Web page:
The role of Sufis in the Syrian uprising

Over the past few centuries, the Sufi sense of Islam firmly established in Syria and has gained a strong position in the Syrian society. Sufism represents traditional the direction of Islam in Syria and had a wide network of supporters in the community. Sufis have successfully spread their teachings and religious traditions in the country. They had their own well-known and recognized by the sheikhs, preachers in mosques, religious schools and even Islamic own lyrics.

In general, the Sufis good get along with the government and to some extent represent the official political Islam, is closely associated with the regime. Even after coming to power of the Baath Party Sufis have not lost their positions in society. Some units of the Sufi movement even managed to adapt to the law of the State of Emergency (PE) and features of Baath Party rule.

In many respects, this was achieved due to the fact that at some time they were forced to withdraw from active politics, but continued to conduct community service and religious propaganda among the people. Indeed, the Sufis are not positioned themselves as some special ideological, religious or political group or party. Rather, they were a religious, doctrinal and intellectual movement. Thus, far from being a homogenous movement, Sufism in Syria was represented by a number of individual groups and organizations that were on different intellectual and political positions. In general, the Syrian Sufis is neither politically nor socially organized force, except when any group close to the Sufi movement began to engage in political activity.

For example, the organization of the Syrian “Muslim Brotherhood” included a number of representatives of the Sufi and Salafi sects of Islam. Despite their differences in theological matters, they have a common position with the “brothers” in a number of ideological and political aspects of the development of Syria.

After a bitter conflict between the regime and the “brothers” in the events of the 1980s in Syria felt some ideological vacuum created by the departure of many of the sheikhs of the “brothers”. The Sufi movement and, above all, its representatives, is closely associated with the regime, could not take advantage of this circumstance. There is a new religious elite was largely due to the power and served the interests of the religious institutions of the regime. This elite has helped legitimize the regime in the face of criticism from his religious opponents.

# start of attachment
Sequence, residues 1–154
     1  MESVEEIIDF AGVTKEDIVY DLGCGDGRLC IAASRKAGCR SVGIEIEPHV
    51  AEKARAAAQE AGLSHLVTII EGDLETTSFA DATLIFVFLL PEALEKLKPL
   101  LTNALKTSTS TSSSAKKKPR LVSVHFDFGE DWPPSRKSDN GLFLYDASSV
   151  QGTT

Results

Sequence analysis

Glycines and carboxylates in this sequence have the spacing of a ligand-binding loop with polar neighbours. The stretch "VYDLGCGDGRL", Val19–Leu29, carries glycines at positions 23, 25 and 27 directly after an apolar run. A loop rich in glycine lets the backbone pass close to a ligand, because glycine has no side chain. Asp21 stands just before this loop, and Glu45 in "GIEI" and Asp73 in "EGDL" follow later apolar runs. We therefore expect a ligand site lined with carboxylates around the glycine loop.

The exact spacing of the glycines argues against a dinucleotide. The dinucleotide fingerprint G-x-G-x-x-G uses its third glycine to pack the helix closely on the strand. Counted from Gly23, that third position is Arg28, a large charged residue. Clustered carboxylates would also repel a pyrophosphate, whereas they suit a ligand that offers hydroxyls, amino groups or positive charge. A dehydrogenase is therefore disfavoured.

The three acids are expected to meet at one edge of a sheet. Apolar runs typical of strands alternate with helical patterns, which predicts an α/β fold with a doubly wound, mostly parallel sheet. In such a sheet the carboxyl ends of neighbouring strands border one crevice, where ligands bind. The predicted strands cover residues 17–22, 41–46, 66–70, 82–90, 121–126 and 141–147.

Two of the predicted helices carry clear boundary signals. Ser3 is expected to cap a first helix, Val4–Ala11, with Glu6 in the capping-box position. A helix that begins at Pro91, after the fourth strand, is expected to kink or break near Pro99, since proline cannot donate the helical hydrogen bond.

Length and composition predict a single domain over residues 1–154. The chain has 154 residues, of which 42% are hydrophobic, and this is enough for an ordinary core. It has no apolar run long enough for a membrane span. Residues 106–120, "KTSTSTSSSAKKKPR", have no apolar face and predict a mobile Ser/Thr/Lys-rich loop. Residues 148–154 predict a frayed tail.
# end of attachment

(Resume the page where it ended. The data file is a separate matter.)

Among the representatives of the religious establishment were Keftaru Ahmed, his school and followers, and Mohammad Said Ramadan al-Buti. These could also include the current Mufti of Syria Ahmad Hassouna and a number of religious figures such as the Mufti of Aleppo Mahmoud Ocampo (Aleppo).

At the same time, long before the beginning of the revolutionary events in the SAR in the Sufi movement was noted the emergence of several groups whose members profess different ideological views different from the official Sufi persuasion. They are quite active in the public sphere, and sought to take an active part in the political changes that took place in Syria. Among them were such groups as “Al-Zaid” and Company “Al-Kubeysat” which, nevertheless, could not be described as a political party or organization.

These groups have their own views on the Syrian uprising and otherwise treated which began March 15, 2011 events in Syria. Some of them are completely separated the official position of the authorities. Others, such as society, “Al-Kubeysat”, preferred to remain silent. And still others, like Jamaat “Al-Zaid” supported the revolution. At the same time, they all share the fact that they did not actually participate in the activities of the armed Syrian opposition. A number of individual representatives of the Sufi youth – students of famous Sufi Ulema took part in an armed uprising, but they acted on an individual basis and not as official representatives of the Sufi movement.

This common characteristic of all the Syrian Sufi movement is their rootedness in the Syrian civil society and a strong position on its lower levels. Most followers of Sufism lived in large metropolitan centers such as Damascus and Aleppo. They had strong positions in local government and at some point could easily be involved in the armed struggle against the regime. Their weak presence on the battlefield was partly due to the fact that the armed movements were born in the province, while the major urban centers such as Damascus and Aleppo, until recently were under the tight control of local security forces.